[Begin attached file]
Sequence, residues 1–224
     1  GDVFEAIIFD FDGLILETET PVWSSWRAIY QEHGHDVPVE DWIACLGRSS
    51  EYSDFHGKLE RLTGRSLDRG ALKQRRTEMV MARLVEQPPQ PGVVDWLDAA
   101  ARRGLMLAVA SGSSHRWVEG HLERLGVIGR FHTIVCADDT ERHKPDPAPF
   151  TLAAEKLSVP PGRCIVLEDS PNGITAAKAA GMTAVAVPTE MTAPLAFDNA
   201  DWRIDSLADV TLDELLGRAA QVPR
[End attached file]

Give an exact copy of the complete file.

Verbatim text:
Sequence, residues 1–224
     1  GDVFEAIIFD FDGLILETET PVWSSWRAIY QEHGHDVPVE DWIACLGRSS
    51  EYSDFHGKLE RLTGRSLDRG ALKQRRTEMV MARLVEQPPQ PGVVDWLDAA
   101  ARRGLMLAVA SGSSHRWVEG HLERLGVIGR FHTIVCADDT ERHKPDPAPF
   151  TLAAEKLSVP PGRCIVLEDS PNGITAAKAA GMTAVAVPTE MTAPLAFDNA
   201  DWRIDSLADV TLDELLGRAA QVPR